A BRIEF HISTORY OF OAK HILL CEMETERY
The Oak Hill Cemetery Association was established on February 4, 1868. A meeting was held in Nashua at Spindler’s Hall, which was organized by electing Philo M. Knapp as chairman. A planning meeting later established the following officers:
R. M. Nevins - President S. W. Byers – Trustee
Henry Blake – Treasurer John Hall – Trustee
H. A. Scales – Secretary George Wood - Sexton
A constitution and by-laws were drawn up and adopted. A soliciting committee, comprised of Enoch Woodbridge, E. H. Hall and L. Scoles, was appointed to sell lots at a price of not less than $5 per lot and all proceeds were used to buy and improve the original 8 acres that make up the east side of the cemetery. The original cemetery ground was purchased for $25 per acre on August 3, 1868 from T. D. Coryell.
On May 10, 1869, plotting of the ground into lots was made. These were the charter members: H. A. Scales, George Wood, Wm. T. Colt, E. W. Barren, Cyrus H. Wait, John S. Hall, J. A. Wade, Henry Baker, R. M. Nevins, S. W. Byers, Z. P. Mitchell, and T. D. Coryell. Weeks later, on June 19, 1869, the first burial was performed, that being of Mrs. Sarah Carpenter.
As the years passed, more land was added, trees were planted and Oak Hill Cemetery became firmly established as a fitting “City of the Dead.” The cemetery had become known for the beautiful view of the Cedar River valley and numerous majestic trees. In the early years, many burials were of those who had been disinterred from other local cemeteries and reburied here. The earliest known death of someone re-interred in Oak Hill was John Emery Hall, who died in September, 1855.
The Soldier’s Monument stands at almost the highest point in the cemetery and faces the north. On a foundation of cement is set a base of granite on which is a block of marble with the words, “In Memory of our Deceased Soldiers.” Above this is the figure of the soldier, six feet two inches in height and cut in one piece from Bedford Granite. The figure alone weighs 1,500 pounds. It is as fine a monument to the memory of our departed soldiers as can be found in any cemetery around. It was dedicated by members of the George S. W. Dodge Post of the Grand Army of the Republic (G.A.R.) and the Women’s Relief Corps (W.R.C.) on Memorial Day, May 30, 1903. The dedicatory address was delivered by the Post Commander, Hon. William B. Perrin, followed by the unveiling of the monument and the flag salute given by the pupils of the intermediate department of the Nashua Public School.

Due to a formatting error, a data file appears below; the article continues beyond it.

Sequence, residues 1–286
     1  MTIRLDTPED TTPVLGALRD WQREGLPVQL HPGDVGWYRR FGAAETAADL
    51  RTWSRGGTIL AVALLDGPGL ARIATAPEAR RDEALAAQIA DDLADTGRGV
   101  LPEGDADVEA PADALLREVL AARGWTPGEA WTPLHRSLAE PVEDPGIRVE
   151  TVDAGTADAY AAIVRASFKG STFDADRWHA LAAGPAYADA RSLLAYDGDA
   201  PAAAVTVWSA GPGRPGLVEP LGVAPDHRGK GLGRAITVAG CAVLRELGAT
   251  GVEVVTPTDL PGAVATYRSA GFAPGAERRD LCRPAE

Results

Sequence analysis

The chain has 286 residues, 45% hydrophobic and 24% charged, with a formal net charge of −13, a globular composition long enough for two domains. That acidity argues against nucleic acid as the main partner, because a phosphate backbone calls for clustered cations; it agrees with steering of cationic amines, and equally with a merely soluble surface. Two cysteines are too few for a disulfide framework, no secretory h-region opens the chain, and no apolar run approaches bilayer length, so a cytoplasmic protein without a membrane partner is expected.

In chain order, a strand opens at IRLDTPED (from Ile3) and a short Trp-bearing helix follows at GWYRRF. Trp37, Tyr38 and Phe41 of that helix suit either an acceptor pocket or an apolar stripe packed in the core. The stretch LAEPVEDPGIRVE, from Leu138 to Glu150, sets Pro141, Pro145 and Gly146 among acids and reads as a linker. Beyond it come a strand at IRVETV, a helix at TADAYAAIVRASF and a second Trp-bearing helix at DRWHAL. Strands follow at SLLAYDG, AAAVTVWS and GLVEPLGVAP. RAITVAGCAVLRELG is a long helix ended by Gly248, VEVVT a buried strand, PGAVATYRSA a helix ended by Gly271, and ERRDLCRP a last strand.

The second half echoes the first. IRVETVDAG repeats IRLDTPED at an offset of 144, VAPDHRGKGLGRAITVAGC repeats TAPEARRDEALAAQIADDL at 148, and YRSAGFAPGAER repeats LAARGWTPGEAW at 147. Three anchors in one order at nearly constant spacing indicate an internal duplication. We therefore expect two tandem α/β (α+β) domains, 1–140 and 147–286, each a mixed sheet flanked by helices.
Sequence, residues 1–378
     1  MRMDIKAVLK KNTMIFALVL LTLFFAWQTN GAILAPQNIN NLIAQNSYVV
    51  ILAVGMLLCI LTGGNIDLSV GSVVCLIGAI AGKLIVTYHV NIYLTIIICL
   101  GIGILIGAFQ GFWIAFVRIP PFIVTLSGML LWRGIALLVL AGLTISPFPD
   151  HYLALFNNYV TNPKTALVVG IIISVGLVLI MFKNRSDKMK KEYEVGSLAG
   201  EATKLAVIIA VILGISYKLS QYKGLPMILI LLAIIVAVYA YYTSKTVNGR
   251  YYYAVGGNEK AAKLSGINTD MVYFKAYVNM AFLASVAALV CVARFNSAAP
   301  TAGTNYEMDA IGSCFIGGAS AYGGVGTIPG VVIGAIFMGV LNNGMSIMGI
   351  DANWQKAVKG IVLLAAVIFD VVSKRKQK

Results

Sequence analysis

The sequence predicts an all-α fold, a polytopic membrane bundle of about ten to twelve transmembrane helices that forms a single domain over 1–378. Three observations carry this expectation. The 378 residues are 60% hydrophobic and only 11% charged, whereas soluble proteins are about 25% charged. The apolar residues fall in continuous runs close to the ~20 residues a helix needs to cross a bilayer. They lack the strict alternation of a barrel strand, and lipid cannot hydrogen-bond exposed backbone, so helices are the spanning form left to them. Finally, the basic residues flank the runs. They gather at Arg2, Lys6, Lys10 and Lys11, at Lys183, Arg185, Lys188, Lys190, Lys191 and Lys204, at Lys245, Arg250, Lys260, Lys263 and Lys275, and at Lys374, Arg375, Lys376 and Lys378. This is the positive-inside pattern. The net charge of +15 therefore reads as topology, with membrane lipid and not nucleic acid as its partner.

The cemetery by-laws were updated in 1959 to address the changes that had occurred over the past ninety years. The following year, it was decided that all regular future burials require a burial vault or cement box.
The "New Hill" or "North Park Section" to the cemetery was plotted in November of 1963, adding an additional four hundred grave sites to the cemetery grounds.
The Oak Hill Cemetery Association became an incorporated entity on November 19, 1964. The Articles of Incorporation was read and approved, then recorded with the Iowa Secretary of State on December 3, 1964. The Oak Hill Cemetery Association, Incorporated, is designated as a Code 504 Revised Domestic Non-Profit Perpetual Care Cemetery.
In October of 1990, The Louis Hill Estate donated a sizable amount of money to be used for improvements and continued maintenance of the cemetery. This gracious trust provides on-going funding which has made many improvements possible, including new fencing, new water lines and hydrants, flag poles added to line the entrance, road improvements and new brick columns and gate, replacing the original archway and gate.
A designated cremation section was added to the western edge of the cemetery in 2003, allowing for 125 additional burials in Row 23. Currently, the cemetery has 5,015 burial plots. The cemetery burial records were computerized in 2003, and later, the record of all deeds issued since 1870 had been indexed, digitized and added to the on-line cemetery directory.
Members of the local American Legion, V.F.W., and other local organizations, on the 100th Anniversary of the original dedication, rededicated the Soldier’s Monument. This ceremony, which occurred on Memorial Day, May 26, 2003, honored the 75 Civil War Veterans and all other veterans buried at Oak Hill Cemetery. The Sons of Union Veterans of the Civil War (SUVCW) and local V.F.W. Post held another Service of Re-dedication and Soldier Recognition on August 29, 2004.
In 2009, the association established the Oak Hill Memorial Trust, using a donation from the H. Buell Watson Estate in addition to all previous memorial trust accounts to provide future memorial care for those designated families.
The Oak Hill Cemetery is governed by a board of directors. Those currently serving on the board are:
Scott Cerwinske- Board President; Jerry Adelmund- Board Secretary, Treasurer and Webpage Maintenance; Howard Campbell- Trustee; Craig Campbell- Trustee; Corey Cerwinske- Trustee; Larry Oleson- Trustee/Sexton; and Kathryn Pflibsen- Trustee.